Minkler describes the agency’s approach to clients as holistic. While internally the agency uses the terms “personal lines,” “commercial lines” and “employee benefits,” the agency has only two client-facing divisions: “For You” (addressing insurance needs for the individual) and “For Your Business” (anything on the commercial lines or benefits side).
“I think most agents would tell you that they want to serve the client completely,” Minkler says, “but we truly have it as a focal point with our staff. It’s a continual learning experience about making sure that we’re uncovering a need for those clients, whether it’s on the ‘For You’ side or the ‘For Your Business’ side.”
Minkler notes that the agency’s fastest-growing area is the “select” client group in personal lines, a group focused on high-net worth individuals with dedicated producers and a service team. For the commercial lines side, the agency has focused heavily on assisting business clients with human resources and state/federal compliance issues, delivering the information via individual consulting, seminars and webinars. Because this approach focuses in on helping clients outside the insurance field, Minkler calls it the “single biggest game changer” for the agency over the past few years—especially when it comes to driving both retention and new business.
But beyond tactics that are specific to lines of business, the agency’s overall strategy of trying to meet customers on their level is paying off. Minkler says that from a service standpoint, the agency focuses on how to respond to clients on a more interactive basis. That involves prominent use of social media, digital marketing and other user-friendly online platforms.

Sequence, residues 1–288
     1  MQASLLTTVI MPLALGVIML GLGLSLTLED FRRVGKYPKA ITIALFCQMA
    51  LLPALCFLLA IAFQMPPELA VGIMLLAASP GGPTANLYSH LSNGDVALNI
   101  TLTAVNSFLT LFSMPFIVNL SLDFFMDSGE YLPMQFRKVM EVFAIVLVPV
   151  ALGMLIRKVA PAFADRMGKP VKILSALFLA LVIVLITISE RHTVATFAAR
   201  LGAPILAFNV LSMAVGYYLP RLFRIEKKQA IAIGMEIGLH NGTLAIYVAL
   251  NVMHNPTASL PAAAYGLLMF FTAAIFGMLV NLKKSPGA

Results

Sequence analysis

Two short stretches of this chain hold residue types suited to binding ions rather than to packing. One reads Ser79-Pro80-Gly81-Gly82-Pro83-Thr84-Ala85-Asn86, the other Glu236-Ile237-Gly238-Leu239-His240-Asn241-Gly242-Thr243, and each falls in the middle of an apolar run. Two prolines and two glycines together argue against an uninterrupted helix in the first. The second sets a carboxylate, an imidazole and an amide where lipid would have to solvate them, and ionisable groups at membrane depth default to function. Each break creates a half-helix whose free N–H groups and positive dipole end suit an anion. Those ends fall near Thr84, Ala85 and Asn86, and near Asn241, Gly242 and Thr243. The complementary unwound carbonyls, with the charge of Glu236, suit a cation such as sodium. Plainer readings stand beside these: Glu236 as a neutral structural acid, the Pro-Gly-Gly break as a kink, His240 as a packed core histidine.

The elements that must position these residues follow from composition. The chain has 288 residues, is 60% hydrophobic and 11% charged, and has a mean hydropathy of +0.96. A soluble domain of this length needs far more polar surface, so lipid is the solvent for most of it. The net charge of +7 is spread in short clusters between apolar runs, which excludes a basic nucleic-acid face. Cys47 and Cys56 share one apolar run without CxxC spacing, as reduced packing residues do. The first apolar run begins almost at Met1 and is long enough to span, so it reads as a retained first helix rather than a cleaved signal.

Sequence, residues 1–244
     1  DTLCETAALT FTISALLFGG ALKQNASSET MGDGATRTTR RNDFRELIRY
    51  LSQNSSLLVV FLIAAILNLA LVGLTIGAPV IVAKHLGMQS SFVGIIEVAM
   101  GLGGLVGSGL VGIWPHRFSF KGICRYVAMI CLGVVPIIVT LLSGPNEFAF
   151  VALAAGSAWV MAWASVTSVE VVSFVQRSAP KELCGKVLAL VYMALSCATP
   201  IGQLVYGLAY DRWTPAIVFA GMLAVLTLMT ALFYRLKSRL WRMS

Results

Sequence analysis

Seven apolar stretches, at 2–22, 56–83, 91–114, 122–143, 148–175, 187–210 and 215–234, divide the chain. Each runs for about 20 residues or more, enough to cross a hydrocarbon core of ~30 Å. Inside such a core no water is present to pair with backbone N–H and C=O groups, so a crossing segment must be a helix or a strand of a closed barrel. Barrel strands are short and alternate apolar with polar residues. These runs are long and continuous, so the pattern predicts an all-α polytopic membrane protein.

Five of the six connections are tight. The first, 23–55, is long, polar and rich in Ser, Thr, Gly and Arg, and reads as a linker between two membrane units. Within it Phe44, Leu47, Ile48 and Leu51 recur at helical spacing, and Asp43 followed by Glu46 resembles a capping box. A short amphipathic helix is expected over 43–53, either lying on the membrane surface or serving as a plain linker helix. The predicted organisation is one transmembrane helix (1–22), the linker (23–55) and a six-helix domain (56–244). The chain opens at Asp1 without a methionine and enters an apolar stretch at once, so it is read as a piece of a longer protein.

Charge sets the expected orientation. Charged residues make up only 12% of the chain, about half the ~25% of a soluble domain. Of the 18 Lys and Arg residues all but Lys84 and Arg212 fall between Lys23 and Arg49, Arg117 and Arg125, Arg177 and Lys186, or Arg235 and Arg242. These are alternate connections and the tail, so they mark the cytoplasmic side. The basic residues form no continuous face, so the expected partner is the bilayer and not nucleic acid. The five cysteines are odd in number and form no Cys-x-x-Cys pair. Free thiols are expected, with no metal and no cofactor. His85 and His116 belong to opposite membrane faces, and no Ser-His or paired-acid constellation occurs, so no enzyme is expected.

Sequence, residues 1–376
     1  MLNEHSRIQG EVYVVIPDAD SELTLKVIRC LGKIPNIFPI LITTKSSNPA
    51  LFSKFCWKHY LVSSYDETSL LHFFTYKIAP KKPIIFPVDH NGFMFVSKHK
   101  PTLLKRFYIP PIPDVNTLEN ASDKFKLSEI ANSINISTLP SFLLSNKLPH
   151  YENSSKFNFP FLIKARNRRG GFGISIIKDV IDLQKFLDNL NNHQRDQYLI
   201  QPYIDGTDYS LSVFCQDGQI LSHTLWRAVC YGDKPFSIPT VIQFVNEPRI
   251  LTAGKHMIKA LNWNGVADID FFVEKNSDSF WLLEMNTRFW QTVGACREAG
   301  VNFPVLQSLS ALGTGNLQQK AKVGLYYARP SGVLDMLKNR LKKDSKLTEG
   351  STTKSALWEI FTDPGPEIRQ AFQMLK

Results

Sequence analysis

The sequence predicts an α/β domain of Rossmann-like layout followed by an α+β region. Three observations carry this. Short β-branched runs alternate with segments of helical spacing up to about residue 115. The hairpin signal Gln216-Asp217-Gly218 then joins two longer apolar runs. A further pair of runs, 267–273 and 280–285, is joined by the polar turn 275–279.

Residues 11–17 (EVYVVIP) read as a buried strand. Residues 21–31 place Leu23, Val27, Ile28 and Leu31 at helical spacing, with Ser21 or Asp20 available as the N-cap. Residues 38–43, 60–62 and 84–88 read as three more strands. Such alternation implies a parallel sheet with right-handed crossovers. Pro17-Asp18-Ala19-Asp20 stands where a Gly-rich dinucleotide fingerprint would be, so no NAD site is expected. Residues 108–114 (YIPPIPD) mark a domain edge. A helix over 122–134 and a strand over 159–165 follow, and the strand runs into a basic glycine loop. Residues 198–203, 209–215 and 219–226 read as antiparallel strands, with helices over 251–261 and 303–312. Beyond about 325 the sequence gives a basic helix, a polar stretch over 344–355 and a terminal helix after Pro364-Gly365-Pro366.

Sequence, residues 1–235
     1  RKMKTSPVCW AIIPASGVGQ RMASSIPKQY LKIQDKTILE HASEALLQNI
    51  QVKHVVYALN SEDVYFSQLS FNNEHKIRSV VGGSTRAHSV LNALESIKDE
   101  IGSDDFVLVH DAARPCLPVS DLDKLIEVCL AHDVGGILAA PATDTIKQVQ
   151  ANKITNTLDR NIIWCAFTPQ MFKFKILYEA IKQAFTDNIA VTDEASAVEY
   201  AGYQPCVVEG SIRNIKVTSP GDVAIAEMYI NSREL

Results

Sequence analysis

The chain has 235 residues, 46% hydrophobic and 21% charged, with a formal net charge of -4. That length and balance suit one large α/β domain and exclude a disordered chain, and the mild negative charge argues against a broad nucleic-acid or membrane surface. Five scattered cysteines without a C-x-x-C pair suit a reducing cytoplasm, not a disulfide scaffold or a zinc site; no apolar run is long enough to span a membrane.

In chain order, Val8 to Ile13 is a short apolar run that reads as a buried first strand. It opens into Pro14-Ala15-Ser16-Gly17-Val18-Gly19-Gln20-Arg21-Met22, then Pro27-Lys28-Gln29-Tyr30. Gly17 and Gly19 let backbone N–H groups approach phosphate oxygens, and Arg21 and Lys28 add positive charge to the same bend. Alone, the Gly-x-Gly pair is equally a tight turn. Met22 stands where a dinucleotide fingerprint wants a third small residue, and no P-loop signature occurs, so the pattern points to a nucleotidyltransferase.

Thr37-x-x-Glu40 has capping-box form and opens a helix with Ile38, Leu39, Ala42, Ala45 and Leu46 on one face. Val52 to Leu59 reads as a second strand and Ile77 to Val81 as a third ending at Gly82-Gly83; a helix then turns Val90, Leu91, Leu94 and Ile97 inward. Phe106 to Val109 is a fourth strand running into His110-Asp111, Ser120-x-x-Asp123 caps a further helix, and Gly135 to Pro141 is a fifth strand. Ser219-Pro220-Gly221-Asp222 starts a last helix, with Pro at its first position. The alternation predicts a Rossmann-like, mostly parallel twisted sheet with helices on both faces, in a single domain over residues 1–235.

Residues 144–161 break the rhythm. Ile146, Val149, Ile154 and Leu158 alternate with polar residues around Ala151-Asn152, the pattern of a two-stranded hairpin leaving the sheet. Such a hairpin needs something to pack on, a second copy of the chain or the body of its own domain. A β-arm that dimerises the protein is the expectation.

“Our new producers want to interact on a 24/7 basis and there are folks that are communicating with clients after hours through their iPads, Facebook, etc., and we’re having success because of that,” Minkler says. “I would tell you that I think we’re ahead of the curve on that, but we’d still consider ourselves in the infancy of getting that right.”
Keeping Up with Changing Times
Mastering an evolving sales and service model is one of the biggest challenges Minkler hears agents discuss as he travels around the country. He notes that the way agents interact with consumers has drastically changed in the past few years. “When I started in this business, one of two entities decided the way this industry was going to go—insurance companies or agents,” Minkler says. “A few years ago, that changed. Today it’s the consumer who is driving what is going on in our industry and we have to adapt and evolve to that model. It’s not a flash in the pan—it’s here to stay. And it results in a lot of challenges that we all have to face.”